• Wireless cellular internet: These portable internet connections are the most popular way for those on the road to stay connected. You will need to purchase an additional plan, which can come with drawbacks like annual contracts and limited service in remote areas. However, the freedom these wireless routers offer can be well worth the trouble.

The best part of an RV or trailer workplace? After spending so much of 2020 indoors, these mobile offices give workers the chance to pick up and take their work anywhere — just make sure to get the clear from HR first.

A patio used as a backyard office.
Source: (Studio Shed)

Patio office

If you live in a temperate climate or want to make the most of your hometown’s fleeting good weather, move your office outside entirely. Not only is this an affordable option, but studies show that more time outdoors is linked to an improved sense of well-being.


If you already have a patio area, this office space is likely the most cost-effective option. All you need is some comfortable patio furniture, a patio cover, and a strong Wi-Fi connection. If you don’t already have a patio cover, it can cost as little as $300 to $700 to add a canvas awning.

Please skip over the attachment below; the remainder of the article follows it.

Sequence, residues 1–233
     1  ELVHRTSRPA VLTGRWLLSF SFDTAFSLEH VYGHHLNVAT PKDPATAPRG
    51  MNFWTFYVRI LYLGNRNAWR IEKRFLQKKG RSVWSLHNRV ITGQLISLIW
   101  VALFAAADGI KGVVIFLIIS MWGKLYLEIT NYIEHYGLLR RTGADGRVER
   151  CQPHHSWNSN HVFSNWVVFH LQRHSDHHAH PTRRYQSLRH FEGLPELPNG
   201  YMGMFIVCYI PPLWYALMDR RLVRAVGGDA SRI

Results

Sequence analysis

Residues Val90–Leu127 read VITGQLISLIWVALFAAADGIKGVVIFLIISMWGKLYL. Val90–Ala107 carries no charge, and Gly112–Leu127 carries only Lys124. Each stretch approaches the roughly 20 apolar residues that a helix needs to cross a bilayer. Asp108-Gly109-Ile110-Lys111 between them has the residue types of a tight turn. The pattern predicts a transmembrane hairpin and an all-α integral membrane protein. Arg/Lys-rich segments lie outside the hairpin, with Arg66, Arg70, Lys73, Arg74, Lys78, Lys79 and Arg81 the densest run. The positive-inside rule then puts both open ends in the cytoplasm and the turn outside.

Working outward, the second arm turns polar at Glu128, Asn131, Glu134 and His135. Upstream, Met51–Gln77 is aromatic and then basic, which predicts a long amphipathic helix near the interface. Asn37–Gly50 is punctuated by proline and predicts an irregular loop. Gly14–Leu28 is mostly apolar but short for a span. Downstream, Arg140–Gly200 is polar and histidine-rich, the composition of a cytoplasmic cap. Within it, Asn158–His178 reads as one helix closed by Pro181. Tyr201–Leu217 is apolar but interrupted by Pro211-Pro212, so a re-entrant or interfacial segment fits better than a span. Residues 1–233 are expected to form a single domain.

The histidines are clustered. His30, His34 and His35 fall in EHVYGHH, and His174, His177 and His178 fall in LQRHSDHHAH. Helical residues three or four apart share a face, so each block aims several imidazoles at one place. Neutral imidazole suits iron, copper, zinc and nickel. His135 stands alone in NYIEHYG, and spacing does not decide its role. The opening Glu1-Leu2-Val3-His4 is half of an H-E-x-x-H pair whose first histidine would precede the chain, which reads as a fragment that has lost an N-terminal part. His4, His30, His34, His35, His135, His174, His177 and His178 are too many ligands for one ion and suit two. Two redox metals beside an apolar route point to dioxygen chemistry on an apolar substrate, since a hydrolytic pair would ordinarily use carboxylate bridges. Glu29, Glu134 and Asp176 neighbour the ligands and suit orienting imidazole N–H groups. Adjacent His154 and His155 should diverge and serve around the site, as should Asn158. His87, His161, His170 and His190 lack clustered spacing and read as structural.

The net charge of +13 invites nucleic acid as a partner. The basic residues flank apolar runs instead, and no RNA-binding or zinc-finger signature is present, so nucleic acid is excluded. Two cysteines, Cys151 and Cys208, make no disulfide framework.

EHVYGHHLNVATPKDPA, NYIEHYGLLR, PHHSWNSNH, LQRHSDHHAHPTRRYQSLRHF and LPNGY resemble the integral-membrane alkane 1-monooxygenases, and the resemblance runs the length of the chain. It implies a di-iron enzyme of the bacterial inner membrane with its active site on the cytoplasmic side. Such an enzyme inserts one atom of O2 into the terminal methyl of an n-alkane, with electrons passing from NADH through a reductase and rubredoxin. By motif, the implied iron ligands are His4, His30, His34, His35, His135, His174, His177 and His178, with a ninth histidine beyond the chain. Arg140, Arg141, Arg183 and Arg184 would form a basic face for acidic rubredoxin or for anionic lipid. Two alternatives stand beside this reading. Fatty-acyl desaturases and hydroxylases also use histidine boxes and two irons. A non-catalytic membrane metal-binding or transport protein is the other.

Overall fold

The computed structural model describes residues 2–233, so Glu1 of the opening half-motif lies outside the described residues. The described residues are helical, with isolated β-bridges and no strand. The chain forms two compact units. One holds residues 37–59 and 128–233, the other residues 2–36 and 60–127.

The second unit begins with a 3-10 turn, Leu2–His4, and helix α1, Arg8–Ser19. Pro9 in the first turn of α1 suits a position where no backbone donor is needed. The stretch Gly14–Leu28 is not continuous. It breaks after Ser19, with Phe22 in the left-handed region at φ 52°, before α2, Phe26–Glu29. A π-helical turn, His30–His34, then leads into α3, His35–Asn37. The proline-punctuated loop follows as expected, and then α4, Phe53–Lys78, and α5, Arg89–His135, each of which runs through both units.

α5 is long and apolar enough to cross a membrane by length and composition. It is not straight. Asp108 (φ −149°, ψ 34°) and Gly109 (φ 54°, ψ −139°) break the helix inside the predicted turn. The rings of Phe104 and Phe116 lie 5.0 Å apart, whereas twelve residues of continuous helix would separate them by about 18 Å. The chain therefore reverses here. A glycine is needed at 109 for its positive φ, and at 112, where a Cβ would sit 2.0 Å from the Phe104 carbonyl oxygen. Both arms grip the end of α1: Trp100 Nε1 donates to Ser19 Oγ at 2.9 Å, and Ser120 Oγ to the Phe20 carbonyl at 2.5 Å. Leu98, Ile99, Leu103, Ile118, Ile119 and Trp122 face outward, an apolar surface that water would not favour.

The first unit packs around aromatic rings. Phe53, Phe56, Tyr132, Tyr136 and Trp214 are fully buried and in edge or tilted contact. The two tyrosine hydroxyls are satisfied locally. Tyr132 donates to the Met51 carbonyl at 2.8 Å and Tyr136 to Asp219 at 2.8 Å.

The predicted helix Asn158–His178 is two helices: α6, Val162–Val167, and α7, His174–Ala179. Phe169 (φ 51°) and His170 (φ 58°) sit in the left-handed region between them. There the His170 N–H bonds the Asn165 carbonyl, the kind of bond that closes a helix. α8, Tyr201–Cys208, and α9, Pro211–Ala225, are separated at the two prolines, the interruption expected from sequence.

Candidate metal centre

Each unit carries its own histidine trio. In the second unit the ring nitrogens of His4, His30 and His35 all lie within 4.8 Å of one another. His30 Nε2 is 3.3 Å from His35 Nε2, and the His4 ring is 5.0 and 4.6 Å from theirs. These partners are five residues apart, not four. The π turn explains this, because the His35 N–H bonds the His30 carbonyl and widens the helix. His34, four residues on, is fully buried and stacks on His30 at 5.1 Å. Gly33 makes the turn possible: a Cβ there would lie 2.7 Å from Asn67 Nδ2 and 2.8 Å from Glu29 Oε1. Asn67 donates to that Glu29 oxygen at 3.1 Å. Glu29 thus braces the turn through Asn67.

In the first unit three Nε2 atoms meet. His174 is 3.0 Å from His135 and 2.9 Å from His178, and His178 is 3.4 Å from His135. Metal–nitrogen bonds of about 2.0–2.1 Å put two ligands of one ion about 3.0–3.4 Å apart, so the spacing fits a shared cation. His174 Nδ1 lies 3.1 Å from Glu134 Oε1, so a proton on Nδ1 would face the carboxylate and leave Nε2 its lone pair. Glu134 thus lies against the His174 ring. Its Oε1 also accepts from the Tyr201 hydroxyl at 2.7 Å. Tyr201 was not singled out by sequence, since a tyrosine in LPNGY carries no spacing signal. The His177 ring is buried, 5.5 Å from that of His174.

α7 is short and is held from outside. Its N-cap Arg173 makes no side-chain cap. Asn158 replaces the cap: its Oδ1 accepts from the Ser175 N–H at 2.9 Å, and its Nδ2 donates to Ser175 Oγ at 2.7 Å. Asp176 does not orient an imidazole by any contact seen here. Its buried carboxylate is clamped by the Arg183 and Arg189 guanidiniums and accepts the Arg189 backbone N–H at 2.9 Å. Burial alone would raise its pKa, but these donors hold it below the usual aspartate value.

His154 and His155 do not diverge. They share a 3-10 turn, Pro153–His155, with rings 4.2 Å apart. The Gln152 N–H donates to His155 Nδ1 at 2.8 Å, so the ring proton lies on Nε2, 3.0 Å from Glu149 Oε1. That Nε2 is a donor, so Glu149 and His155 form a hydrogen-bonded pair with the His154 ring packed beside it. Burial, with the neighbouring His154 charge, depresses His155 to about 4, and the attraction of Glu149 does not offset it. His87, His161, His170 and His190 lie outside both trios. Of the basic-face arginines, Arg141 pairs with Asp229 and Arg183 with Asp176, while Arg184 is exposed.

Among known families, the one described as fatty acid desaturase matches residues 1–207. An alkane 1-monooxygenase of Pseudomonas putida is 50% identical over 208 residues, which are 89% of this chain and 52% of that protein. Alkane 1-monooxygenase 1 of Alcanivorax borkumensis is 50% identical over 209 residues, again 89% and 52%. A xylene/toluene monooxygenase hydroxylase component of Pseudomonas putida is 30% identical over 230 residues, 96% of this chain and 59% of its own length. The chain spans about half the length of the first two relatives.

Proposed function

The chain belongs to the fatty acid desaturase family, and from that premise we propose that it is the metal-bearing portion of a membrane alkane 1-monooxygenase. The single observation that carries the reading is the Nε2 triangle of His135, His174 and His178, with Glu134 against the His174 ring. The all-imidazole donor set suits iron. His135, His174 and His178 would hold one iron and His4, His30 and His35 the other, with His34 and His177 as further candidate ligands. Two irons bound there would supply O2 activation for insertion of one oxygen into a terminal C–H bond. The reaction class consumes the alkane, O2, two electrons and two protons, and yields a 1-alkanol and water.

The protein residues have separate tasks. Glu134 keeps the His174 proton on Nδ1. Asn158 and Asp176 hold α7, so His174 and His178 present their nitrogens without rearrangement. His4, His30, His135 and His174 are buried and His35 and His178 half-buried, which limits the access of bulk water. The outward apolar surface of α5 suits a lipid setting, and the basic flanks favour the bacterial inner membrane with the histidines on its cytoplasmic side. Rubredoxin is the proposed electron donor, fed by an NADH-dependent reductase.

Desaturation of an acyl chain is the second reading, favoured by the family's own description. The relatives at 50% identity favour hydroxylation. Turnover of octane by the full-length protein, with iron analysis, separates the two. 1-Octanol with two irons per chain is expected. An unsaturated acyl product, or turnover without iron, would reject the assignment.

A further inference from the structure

While a patio office may be one of the cheapest options on the list, it offers little return on investment. With the working from home boom, many buyers prefer a dedicated indoor office space that can be used rain, shine, sleet, or snow. Furthermore, according to the National Association of Realtors, patio projects typically recoups about 67% of project costs — a solid return, but still lower than the potential ROI of an ADU home office solution.


Patio offices don’t have to be a stand-alone solution —they are a great addition to any home office. Nova says Studio Sheds and the like offer a unique opportunity for this additional workspace:

“People usually find that they have some kind of unused space in their backyard. And a Studio Shed can be a catalyst for more of a backyard transformation … You can create positive space, more of a courtyard between your home or your back patio [by] having a destination.”